The Albert Hall
MGMT fill the Manchester crowd with wonder and more than a little love on the final day of their Little Dark Age UK tour. Having never managed to see them live before, Louder Than War’s Roxy Gillespie finally catches up.
MGMT might have once had a reputation for playing what they chose rather than what the crowd expected to hear, but that had obviously not damaged their attractiveness as a live band. The Manchester gig was the last of the tour and was sold out. With many of the younger generation in evidence, it showed this was no nostalgia trip. MGMT continue to be a musical force.
The Albert Hall has an air of slightly faded Victorian glamour, with its circular structure and abundant stained glass. It seemed a fitting venue for such an eclectic and innovative band. With the stage adorned with greenery and substantial amounts of electronica, all that was missing was the musicians.
Matthew Dear took the stage as support providing a mix of deep, sometimes echoing vocals, with backing tracks and his own array of synths. The music was quite experimental and he seemed to have fans in the crowd. With minimalistic guitar adding to the mellow vibe, his alternative sound got the crowd warmed up for the main event.
It is fair to say that when MGMT came on stage the crowd went wild. They started with The Youth, the first of a number of tracks from Oracular Spectacular, showing the crowd were right to get excited. Once the stage was set it was time for a track from the new album Little Dark Age. When You Die, with its ‘Don’t call me nice’ lyrics slotted the exciting new material nicely into an Oracular Spectacular sandwich, completed by Pretend, which pushed the crowd back into an ecstatic frenzy.
Mention needs to be given to the excellent visuals backing the band, which gave an extra dimension to the whole experience and were really atmospheric and beautifully produced. With the excellent James next up, the band forged into less familiar territory. Not that the gig took a downturn. It showed both that their newer material remains strong and the fans are willing to hear and enjoy it. Next up was a track from the Congratulations album, Flash Delirium, MGMT at their eccentric, 60s-influenced best.
Andrew VanWyngarden took the time to chat to the audience, revealing that not only was it the last night of the tour but also Ben Goldwasser’s birthday. Cue a bit of ‘Happy Birthday to You’ action on stage with lots of audience participation. There was also talk of relinquishing a soft-toy dog to the audience, which seemed a pretty popular option. The whole vibe of the gig was incredibly positive. The band seemed really happy to be there and the audience just picked up the love and threw it right back at them.
TSLAMP, another of the relaxed new tracks re-started the music, then Weekend Wars pushed all the right buttons, plunging the crowd into another flurry of dancing. The soft beauty of Siberian Breaks was sublime, then the title track of the new album, Little Dark Age with its 80s pop feel, reminiscent of Pet Shop Boys, changed the tempo yet again. The first bars of Electric Feel sent the crowd wild once more, the pit sending people flying in all directions and everyone singing along. Whilst the newer tracks received a lot of attention, it was clear that Oracular Spectacular still had a special place in the fans’ hearts.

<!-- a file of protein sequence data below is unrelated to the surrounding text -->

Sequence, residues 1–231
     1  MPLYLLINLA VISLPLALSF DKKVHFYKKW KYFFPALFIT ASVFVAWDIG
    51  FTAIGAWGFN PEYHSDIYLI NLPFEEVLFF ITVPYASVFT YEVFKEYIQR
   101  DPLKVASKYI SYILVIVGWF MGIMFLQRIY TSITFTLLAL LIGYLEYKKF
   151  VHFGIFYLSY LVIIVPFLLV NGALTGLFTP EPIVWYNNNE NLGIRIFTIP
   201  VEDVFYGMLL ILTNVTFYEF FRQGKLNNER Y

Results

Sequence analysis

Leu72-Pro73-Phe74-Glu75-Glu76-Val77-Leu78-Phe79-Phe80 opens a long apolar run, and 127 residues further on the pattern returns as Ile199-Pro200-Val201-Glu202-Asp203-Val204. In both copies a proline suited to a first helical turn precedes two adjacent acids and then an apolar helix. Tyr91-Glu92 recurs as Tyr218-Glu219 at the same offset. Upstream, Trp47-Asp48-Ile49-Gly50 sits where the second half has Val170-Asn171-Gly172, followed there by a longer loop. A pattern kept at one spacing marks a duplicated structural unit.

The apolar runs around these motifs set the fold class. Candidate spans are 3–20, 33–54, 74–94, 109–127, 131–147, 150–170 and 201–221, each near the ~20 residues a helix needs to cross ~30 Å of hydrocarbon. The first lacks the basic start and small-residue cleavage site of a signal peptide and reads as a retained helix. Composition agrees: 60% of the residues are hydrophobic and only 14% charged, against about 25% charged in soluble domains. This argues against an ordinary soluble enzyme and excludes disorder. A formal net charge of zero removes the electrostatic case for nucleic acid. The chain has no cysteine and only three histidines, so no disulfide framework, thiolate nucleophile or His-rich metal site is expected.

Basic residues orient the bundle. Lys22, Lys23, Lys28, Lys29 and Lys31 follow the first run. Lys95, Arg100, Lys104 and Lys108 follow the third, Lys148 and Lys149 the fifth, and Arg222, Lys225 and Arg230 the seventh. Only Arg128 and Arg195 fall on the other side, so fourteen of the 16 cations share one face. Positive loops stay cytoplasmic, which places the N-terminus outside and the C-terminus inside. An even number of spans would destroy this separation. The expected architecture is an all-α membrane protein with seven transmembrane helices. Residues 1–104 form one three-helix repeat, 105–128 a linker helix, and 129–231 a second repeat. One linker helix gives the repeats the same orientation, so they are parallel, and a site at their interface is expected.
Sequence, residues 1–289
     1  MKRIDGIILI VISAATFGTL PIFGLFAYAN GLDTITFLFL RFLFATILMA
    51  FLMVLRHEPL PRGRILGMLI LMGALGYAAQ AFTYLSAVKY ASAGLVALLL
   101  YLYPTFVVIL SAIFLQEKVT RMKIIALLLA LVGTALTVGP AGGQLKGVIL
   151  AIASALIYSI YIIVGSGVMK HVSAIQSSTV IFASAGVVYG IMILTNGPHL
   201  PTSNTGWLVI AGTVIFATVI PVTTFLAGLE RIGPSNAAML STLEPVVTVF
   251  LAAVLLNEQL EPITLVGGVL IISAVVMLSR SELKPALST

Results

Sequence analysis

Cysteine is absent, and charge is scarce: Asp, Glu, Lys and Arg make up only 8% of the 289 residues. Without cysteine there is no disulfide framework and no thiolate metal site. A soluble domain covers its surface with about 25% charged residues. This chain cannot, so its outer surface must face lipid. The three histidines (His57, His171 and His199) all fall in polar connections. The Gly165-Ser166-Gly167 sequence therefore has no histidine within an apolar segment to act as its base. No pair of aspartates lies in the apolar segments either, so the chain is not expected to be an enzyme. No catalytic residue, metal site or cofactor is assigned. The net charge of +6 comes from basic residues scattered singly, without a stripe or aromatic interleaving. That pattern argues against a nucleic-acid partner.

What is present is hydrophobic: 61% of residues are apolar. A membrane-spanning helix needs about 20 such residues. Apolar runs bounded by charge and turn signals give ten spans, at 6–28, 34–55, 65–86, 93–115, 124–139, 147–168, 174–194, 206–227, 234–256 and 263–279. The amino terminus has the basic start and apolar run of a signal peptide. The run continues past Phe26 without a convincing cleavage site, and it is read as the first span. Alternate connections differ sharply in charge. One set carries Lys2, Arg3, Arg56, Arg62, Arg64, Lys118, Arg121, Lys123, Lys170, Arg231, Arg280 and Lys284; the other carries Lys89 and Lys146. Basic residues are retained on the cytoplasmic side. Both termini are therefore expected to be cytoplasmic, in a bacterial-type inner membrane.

The out-and-out pop ballad Me and Michael saw Andrew snuggling up to the afore-mentioned toy dog, before a girl with pink hair at the front carefully received it. Then the place fairly erupted as Kids began. This was a great gig and this remains a great song. Taking time out in the middle to slot in some great experimental improvised keys added even more kudos. It was a high point and a good time to leave the stage, but the expectant crowd wanted much more.
After a prolonged absence and the intriguing addition of a child’s baby grand piano and little guitars to the stage, the band returned. With Ben, wine glass in hand, at the tiny keyboard, the rest of the band huddled round him. A rubber duck, who we were informed was ‘encore duck, he likes to go crowd surfing’ sat on the little piano making for an even stranger scene. All became apparent when the band launched into When You’re Small as their first encore. The songs continued as the band returned to their more conventional instruments, with crowd pleasers Pieces Of What and Of Moons, Birds and Monsters. To finish the night off, they treated the crowd to Hand It Over. This was a hell of a gig and the audience obviously didn’t want it to end. As the taped music came on and most of the band left the stage, waving as they went, Guitarist James Richardson and Bassist Simon O’Connor graced the audience with some fine and funky dancing, especially the gangsta-style moves from Richardson, making a fun end to the gig.
Perhaps it was last gig of the tour euphoria or just that the audience were just so happy to be there, but this was a gig that felt personal. An excellent night from an excellent band.